RESOURCEFULNESS Johnson Tiles is marking 120 years of making in the UK. Established in 1901, the company is using this big birthday to celebrate ‘British resourcefulness’. To kick start the milestone year, the brand has unveiled an updated logo featuring the national flag to honour the company’s rich heritage in British design, manufacturing and innovation.

2021 will also see the company launch two digital initiatives including its own podcast series to champion British design and resilience, along with inspirational new product ranges from its Stoke-on-Trent headquarters.

Stephen Dixon, Johnson Tiles’ Managing Director, said: “The true value of heritage isn’t the past. It’s the learnings that help leverage future opportunities.

“We’re a product of strong and resourceful communities. Both in The Potteries’ heartland that we’re proud to call home and the British design industry that we proudly serve. So, rather than looking back, we wanted to take this opportunity to revel in where we’re heading because of the extraordinary resourcefulness of all our people – colleagues, customers and suppliers alike.


STONE TILES When tiling natural stone, it is important to pick the right adhesive for the stone as for example granite and limestone have very different properties. In general, it is best to use a modern, polymer-modified adhesive such as Tilemaster Adhesives’ Setaflex and Ultimate ranges which are suitable for use with most types of natural stone. Grey adhesives can show through light coloured limestone and marble, so it is advisable to choose a white version.

Certain very porous stones and quartz are more likely to absorb water and for these Tilemaster Adhesives recommends Tilemaster Ultimate. Its low water content, rapid

— 06 —

“It’s especially fitting given that, never, in living memory, have we been called upon to consider ‘resource’ more deeply. The initiatives that we have underway will allow us to celebrate this milestone by honouring and learning from those who have demonstrated true resourcefulness time and again.”

Johnson Tiles’ track record is testament to the fact that the business has never stood still. Since 1901, the company has used acquisitions and investments to grow, eventually establishing its own design resource studio, Material Lab, in 2006. Johnson Tiles also pioneered the use of inkjet technology in 2008 to produce the first photo-realistic patterns on tiles.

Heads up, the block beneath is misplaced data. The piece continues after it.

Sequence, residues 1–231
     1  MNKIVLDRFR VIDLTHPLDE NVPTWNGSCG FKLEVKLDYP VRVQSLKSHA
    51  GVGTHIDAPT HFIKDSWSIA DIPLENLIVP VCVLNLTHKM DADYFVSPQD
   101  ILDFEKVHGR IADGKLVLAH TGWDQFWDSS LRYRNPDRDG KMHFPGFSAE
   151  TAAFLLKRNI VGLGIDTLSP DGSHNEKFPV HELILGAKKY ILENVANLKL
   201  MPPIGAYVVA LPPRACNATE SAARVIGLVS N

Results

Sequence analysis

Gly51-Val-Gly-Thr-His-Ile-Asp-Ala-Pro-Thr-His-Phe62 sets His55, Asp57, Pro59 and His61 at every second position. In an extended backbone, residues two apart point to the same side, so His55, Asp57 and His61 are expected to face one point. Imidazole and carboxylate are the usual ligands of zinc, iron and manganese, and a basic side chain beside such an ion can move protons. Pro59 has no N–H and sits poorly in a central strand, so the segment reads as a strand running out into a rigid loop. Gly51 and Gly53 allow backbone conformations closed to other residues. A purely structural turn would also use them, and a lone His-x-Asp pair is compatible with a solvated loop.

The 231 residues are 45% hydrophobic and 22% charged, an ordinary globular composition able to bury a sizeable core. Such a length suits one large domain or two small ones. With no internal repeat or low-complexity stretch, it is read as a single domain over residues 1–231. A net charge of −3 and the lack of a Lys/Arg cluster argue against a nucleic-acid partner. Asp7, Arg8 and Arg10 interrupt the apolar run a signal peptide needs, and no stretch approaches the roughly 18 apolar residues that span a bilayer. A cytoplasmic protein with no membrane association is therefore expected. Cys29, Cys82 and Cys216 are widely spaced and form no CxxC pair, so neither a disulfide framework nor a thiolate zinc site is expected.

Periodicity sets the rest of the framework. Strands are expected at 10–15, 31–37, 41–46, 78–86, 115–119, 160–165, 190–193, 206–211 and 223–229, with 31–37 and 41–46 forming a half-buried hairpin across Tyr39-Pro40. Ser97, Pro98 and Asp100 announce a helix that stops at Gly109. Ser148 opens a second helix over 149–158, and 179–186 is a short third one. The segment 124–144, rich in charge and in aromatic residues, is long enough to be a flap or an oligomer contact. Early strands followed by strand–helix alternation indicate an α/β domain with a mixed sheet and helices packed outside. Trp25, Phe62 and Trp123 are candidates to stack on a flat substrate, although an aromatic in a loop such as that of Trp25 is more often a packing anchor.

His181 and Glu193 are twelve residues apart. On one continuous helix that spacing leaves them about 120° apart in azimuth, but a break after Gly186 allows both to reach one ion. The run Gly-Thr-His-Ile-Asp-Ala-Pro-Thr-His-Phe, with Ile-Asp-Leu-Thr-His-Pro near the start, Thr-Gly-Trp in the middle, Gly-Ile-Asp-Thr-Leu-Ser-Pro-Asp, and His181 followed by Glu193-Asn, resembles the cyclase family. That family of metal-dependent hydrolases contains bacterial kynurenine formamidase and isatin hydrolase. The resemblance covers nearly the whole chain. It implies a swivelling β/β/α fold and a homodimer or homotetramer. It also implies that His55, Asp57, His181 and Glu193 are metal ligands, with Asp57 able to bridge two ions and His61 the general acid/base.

setting time and the fact that it is polymer modified all help to avoid both curling and staining which are the two main issues with these types of stone. Tilemaster Ultimate was developed as a flexible adhesive for use on a large variety of difficult-to- tile substrates including fibreglass and metal surfaces.

All stone should be solid- bedded and larger tiles back buttered to enhance adhesion. The tiles should be grouted with Tilemaster Grout 3000, a flexible, fast setting wall and floor grout which can be used for joints between 1mm and 20mm and will not scratch softer polished stones such as some marbles.

Tilemaster Adhesives offers a full range of professional

In recent history it has transformed a traditional manufacturing set-up into a more sustainable operation – in every which way. The foresight to start this journey two decades ago is why the company has survived and thrived against a challenging backdrop. Not least the unprecedented scenario that has played out over the last 12 months.

The subtle introduction of the national flag to the logo is reflective of the British resourcefulness that has seen Johnson Tiles make it to 120 years and will ensure the company continues making for many more generations to come.

adhesives which are suitable for tiling with ceramic, porcelain and stone. Contact them for more information and advice on the best products for your particular project.

Call: 01772 456831 Email:

Page 1  |  Page 2  |  Page 3  |  Page 4  |  Page 5  |  Page 6  |  Page 7  |  Page 8  |  Page 9  |  Page 10  |  Page 11  |  Page 12  |  Page 13  |  Page 14  |  Page 15  |  Page 16  |  Page 17  |  Page 18  |  Page 19  |  Page 20  |  Page 21  |  Page 22  |  Page 23  |  Page 24  |  Page 25  |  Page 26  |  Page 27  |  Page 28  |  Page 29  |  Page 30  |  Page 31  |  Page 32  |  Page 33  |  Page 34